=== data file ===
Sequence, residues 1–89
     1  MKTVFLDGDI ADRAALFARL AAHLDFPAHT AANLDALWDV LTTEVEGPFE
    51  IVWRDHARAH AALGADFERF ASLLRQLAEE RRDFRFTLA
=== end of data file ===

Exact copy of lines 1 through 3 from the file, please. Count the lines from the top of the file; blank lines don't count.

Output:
Sequence, residues 1–89
     1  MKTVFLDGDI ADRAALFARL AAHLDFPAHT AANLDALWDV LTTEVEGPFE
    51  IVWRDHARAH AALGADFERF ASLLRQLAEE RRDFRFTLA